Football: Hayward the happy Villa supporter

Aston Villa 0 Fulham 2
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The Independent Online
STEVE HAYWARD'S footballing pedigree is hardly unique. He was born, for instance, in the same year as Stan Collymore, brought up in a neighbouring part of the Midlands and may well have rubbed shoulders with the pounds 7m enigma on the Holte End. On Saturday night, however, Hayward was probably the only Aston Villa supporter out celebrating the club's demise in the FA Cup.

While speculation raged about the extent to which Collymore's no-show had affected the Premiership title contenders, there was no doubt about Hayward's contribution to the defeat of his boyhood heroes. As the driving force of Fulham's midfield, he created the first goal for the Birmingham City-supporting Simon Morgan and claimed the second himself after his free-kick took a deflection off Paul Peschisolido.

It was, said Hayward with what was possibly understatement, his greatest day since arriving at Fulham from Carlisle shortly before the advent of Mohamed Al Fayed and Kevin Keegan late in 1997. As a boy he had watched Villa and trained with them before committing himself to Derby, while last week his spare time had been eaten up by the problem of acquiring more than 50 tickets for his extended family.

Whatever they cost, it was worth the outlay. Once the two-goal bridge- head to the last 16 had been established, the control exerted by the Second Division promotion favourites was so complete that beating the side who have led the Premiership virtually all season never really felt like a giantkilling.

Hayward, who also scored at Southampton in the third round, reasoned that teams from the top flight are not accustomed to being "hustled and hassled" the way Fulham snapped at Villa's heels. They also allowed opponents "more room to play", which was surely an indictment of John Gregory's side on the day rather than the Premiership as a whole.

Kevin Keegan, still working under the nonsensical title of chief operating officer, was equally effusive. Apart from Liverpool's Wembley triumph of 25 years ago, the Cup has not been kind to Fulham's manager, but it now offers them a welcome respite from their role as the Manchester United, the moneybags, of the lower leagues.

"We were totally relaxed," said Keegan. "It was the exact opposite of what we experience in the League every week. The boot was on the other foot. But what really pleased me was the way we played. We weren't scrambling around, but playing properly. The better the quality of the opposition, the better we play."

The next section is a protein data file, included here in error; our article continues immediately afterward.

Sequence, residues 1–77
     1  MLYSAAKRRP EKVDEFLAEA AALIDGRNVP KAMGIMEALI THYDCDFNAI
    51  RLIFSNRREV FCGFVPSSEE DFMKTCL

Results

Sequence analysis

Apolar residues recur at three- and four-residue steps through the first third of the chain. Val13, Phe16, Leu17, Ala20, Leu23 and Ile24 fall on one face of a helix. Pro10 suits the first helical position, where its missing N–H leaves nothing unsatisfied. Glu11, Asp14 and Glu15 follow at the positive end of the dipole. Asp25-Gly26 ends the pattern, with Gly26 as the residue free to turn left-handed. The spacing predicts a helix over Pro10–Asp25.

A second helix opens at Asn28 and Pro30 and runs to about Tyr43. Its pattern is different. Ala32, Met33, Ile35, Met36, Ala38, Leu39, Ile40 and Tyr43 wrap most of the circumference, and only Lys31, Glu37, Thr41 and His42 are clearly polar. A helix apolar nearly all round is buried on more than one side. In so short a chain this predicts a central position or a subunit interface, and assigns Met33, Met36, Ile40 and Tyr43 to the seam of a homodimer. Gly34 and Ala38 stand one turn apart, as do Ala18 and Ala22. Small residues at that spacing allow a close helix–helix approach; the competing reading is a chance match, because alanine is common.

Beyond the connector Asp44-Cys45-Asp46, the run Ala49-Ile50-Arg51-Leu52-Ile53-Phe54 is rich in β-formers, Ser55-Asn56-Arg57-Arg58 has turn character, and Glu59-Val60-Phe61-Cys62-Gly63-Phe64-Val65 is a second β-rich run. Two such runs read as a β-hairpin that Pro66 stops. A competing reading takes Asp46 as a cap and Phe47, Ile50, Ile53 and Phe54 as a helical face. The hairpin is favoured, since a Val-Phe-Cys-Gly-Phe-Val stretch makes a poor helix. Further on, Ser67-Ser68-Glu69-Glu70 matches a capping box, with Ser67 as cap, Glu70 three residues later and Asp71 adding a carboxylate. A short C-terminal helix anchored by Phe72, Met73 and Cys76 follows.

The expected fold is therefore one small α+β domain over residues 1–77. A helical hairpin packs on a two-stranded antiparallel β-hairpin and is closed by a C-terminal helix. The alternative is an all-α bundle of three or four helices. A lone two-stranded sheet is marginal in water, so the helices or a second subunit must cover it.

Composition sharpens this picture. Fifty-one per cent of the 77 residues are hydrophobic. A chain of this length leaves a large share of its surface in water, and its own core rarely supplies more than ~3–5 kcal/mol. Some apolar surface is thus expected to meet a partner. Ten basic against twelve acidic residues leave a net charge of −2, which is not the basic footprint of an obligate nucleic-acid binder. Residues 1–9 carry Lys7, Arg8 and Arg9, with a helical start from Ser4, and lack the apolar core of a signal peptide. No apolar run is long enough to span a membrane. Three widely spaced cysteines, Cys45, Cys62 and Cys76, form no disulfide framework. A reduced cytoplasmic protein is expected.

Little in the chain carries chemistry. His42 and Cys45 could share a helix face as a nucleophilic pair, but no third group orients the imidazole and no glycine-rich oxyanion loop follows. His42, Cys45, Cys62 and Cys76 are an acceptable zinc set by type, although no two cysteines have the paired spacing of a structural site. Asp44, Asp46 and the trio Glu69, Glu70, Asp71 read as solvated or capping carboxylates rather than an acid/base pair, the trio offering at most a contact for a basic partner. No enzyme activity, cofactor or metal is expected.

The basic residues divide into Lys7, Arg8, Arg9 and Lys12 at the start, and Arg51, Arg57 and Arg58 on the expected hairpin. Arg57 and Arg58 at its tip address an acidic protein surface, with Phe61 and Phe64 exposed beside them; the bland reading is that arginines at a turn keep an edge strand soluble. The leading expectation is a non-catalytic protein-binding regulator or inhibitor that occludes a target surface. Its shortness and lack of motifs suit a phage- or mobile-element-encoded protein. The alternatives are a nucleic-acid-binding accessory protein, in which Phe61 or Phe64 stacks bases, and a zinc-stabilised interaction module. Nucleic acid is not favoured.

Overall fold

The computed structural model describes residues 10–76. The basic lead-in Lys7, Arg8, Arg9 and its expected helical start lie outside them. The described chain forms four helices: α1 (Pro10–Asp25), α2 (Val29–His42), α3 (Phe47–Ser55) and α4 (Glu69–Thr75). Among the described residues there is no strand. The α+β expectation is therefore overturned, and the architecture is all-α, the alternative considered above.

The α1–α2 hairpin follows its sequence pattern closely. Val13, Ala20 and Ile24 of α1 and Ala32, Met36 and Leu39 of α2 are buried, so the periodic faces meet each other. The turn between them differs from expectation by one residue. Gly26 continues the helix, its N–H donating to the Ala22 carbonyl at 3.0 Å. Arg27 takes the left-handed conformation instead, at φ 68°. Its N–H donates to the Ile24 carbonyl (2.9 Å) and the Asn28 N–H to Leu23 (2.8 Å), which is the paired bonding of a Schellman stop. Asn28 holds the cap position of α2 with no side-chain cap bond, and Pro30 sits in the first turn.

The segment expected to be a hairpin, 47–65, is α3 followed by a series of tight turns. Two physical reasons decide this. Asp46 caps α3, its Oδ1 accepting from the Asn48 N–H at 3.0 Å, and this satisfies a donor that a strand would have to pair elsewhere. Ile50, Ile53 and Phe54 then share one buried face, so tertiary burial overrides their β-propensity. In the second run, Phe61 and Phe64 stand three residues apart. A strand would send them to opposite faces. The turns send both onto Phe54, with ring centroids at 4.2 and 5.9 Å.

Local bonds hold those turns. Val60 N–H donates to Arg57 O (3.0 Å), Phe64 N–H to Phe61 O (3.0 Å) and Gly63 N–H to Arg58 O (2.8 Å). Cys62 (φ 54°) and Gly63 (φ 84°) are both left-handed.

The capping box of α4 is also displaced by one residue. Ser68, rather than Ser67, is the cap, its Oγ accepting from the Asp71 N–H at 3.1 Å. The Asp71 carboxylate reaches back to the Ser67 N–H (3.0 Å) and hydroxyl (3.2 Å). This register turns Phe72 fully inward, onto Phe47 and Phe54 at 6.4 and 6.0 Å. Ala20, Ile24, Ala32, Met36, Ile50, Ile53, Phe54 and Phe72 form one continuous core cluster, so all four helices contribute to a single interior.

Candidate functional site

That much was perhaps to be expected, given that Keegan has lavished some pounds 10m on upgrading the Craven Cottage squad. Like Hayward's ticket- scrounging spree, it looked like money well spent, with no one more impressive than the pounds 2.1m captain, Chris Coleman, at the heart of an unflappable three-man defensive unit.

Coleman, who was at Crystal Palace with both Collymore and Gareth Southgate, must have anticipated a more arduous afternoon. But with Dion Dublin injured and Collymore missing, presumed sulking, on a day when his ability to turn games as a substitute might well have been crucial, the Fulham goalkeeper Maik Taylor was seldom stretched.

The goals came early enough for Gregory to believe Villa could still produce the kind of fightback that earned victory from an identical position at home to both Stromsgodset and Arsenal. Instead, Coleman and company stood firm and Fulham's front two held the ball up so well that the expected second-half siege never materialised.

Such successes, argued Keegan, made the supporters believe Fulham were "going places". In fact, they lost the divisional leadership to Preston on Saturday, but could regain it by overcoming Oldham tomorrow, when the Belgian utility player Philippe Albert will be available at the start of his loan spell from Newcastle.

Talking of Tyneside, Keegan will make a brief but emotional playing comeback on Wednesday in Peter Beardsley's testimonial match. His adoring public should see a happier, healthier man than the haggard figure who left St James' Park. The relationship with London's romantic under-achievers is obviously proving mutually beneficial, Fulham having reached the fifth round for the first time since their run to the final in 1975.

Goals: Morgan (8) 0-1; Hayward (45) 0-2.

Aston Villa (3-5-2): Oakes; Ehiogu, Southgate, Barry; Watson, Hendrie, I Taylor, Scimeca, Wright (Vassell, 59); Merson, Joachim. Substitutes not used: Grayson, Ferraresi, Hughes, Rachel (gk).

Fulham (3-5-2): M Taylor; Symons, Morgan, Coleman; Finnan, Collins, Bracewell, Hayward, Brevett; Peschisolido (Smith, 82), Horsfield. Substitutes not used: Trollope, Salako, Hayles, Arendse (gk).

Referee: D Elleray (Harrow-on-the-Hill).

Bookings: Villa: Ehiogu, Hendrie, Watson. Fulham: Finnan, Smith.

Man of the match: Coleman.

Attendance: 35,260.

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